Wednesday 20 September 2023

1987 Travel Journal: Panajachel

    Climbing toward Solola, we passed through some beautiful countryside.  Vertical fields of barley (I think) clinging to the steep volcanic slopes among the pines.  Out of the windows of the bus, everything was tan and green, accented with golden piles of straw along the road, all accented by the pinks, scarlets, and purples of the ethnic Mayan women’s clothing.  

    The Guatemalan countryside seems cleaner than that of Mexico; not as much litter along the roadside, at least in this area.  The people graze their sheep along edge of the road, so the the grass is short and neat, with no weeds sticking up.

    The Mexican towns seemed funny.  Everyone was always out washing and sweeping the sidewalks, but at the same time, everyone was always throwing trash on the sidewalks.  You could never find a litter barrel, or a trash receptacle.

    I got off of the bus at the turnoff to Panajachel (Pan-a-ha-CHEL), my next destination.  It is a small town in the Guatemalan highlands, nestled beside Lake Atitlan.  An Italian couple also got off the bus, and together we began walking down the road.  The exercise was quite pleasant and welcome, after being so uncomfortably confined for hours on the bus seat.  It was good to be able to work the cramps out of my legs while slowly taking in the landscape and occasional Indian peasant we passed on the road.  There was a pleasant  breeze and warm sunshine.

    Soon my straps from my bags started cutting into my shoulders and the easy walk down the road became a hot climb up a slope, but onward we trekked, until fortunately, a French guy in a van came by and picked us up.  He drove us all the way to Panajachel and Lake Atitlan.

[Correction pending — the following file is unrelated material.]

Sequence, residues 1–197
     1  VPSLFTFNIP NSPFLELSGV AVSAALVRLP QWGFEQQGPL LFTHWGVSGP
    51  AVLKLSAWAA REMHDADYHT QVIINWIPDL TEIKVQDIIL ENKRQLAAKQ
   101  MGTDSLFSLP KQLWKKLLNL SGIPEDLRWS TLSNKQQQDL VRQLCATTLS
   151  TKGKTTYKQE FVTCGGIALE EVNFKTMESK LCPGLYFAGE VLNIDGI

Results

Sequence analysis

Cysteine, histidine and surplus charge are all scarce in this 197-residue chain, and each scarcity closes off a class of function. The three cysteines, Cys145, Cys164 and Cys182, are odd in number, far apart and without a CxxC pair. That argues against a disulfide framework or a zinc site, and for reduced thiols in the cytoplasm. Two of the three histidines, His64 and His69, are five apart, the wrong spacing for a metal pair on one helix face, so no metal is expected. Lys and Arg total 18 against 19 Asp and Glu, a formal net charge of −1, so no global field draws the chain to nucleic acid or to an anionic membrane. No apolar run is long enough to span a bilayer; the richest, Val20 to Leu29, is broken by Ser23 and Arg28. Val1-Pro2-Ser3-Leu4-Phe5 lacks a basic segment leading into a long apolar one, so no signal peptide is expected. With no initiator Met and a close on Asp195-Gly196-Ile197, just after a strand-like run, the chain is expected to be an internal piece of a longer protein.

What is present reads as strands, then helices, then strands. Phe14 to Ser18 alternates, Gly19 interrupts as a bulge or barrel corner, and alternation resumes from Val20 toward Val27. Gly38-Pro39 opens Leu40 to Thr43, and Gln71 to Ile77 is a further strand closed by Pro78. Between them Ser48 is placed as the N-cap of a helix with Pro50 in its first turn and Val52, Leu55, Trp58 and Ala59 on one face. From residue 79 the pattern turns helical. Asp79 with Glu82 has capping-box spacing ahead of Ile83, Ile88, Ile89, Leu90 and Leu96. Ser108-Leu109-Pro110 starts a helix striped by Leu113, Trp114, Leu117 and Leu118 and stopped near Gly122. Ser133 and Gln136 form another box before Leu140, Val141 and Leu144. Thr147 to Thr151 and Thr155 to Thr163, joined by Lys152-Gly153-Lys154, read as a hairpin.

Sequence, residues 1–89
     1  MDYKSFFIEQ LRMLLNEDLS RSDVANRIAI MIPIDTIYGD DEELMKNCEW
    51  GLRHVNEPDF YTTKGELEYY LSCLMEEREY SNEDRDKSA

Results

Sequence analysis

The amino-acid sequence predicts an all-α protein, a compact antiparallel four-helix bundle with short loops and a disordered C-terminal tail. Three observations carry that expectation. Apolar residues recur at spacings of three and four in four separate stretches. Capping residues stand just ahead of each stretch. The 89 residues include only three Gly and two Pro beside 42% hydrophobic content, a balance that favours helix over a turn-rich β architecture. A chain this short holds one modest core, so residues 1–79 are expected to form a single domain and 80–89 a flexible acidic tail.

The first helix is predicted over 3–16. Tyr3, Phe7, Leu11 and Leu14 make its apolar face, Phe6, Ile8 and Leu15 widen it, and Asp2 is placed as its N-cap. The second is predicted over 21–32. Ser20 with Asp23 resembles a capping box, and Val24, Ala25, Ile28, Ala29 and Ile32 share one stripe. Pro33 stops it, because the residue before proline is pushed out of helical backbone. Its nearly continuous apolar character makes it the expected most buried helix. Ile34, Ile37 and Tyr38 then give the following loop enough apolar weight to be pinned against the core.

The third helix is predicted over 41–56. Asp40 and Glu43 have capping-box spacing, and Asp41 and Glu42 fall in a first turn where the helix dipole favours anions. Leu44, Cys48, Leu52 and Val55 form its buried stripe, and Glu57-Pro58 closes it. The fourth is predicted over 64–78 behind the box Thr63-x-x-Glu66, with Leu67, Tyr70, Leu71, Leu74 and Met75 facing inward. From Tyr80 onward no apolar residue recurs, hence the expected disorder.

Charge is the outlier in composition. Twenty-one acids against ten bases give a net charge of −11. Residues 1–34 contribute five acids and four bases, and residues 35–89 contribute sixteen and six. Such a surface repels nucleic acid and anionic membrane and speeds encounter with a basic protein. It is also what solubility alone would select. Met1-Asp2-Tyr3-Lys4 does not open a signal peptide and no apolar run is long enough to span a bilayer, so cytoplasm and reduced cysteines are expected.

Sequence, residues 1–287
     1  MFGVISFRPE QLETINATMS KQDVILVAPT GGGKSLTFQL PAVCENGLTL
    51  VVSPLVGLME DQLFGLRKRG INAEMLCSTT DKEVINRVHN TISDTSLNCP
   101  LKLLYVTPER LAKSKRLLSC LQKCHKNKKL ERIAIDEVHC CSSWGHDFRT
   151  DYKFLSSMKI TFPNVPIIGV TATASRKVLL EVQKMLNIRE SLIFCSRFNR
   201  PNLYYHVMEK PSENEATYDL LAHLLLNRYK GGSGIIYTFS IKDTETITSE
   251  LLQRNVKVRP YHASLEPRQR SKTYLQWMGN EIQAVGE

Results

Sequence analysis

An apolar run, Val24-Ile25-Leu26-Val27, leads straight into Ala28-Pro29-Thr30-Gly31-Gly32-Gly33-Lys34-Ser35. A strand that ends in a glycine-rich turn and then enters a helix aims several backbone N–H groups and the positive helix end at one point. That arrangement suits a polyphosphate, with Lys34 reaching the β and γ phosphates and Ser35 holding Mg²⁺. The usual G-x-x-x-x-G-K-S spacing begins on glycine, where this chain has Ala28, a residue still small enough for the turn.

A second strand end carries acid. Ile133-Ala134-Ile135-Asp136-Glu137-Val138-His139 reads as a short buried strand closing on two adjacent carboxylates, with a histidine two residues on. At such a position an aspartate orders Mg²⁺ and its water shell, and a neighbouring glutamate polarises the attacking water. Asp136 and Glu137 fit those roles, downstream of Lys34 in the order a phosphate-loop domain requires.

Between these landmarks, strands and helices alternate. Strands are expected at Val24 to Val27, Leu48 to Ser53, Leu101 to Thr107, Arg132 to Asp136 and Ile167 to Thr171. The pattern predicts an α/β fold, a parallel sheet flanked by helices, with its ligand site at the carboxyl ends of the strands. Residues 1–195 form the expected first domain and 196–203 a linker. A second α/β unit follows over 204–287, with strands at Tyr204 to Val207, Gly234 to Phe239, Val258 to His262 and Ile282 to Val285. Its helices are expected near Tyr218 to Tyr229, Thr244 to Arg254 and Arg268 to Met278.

I was quickly disappointed in Panajachel, I hadn’t expected it to be so touristy.  The layout of the town seemed rather disjointed and convoluted.  There seemed to be a lot of Mercedes and other expensive cars driving around, so it didn’t seem like the quaint Mayan-oriented town I had envisioned.  Sadly, the two dramatic volcanos on the far side of Lake Atitlan, were partially obscured by smoke.  Again, not exactly the pristine environment I had imagined.

    I thought it would be nice to take a swim, but I could see no one else doing it, so I wondered about the water.  Later I learned that swimming in Lake Atitlan included the risk of getting Hepatitus B—No Thank You.

    After a long search, I did manage to find a very cheap hotel room ($3.30 US, a night).  The bed was terribly soft and saggy, and the toilet had no plastic or wooden seat to sit on, so it is always a cold shock to your bare skin when it settled down on the cold porcelain rim of the bowl.  I had to fix the flush on the toilet shortly after entering the room.  Plumbing never seems to work in this part of the world.

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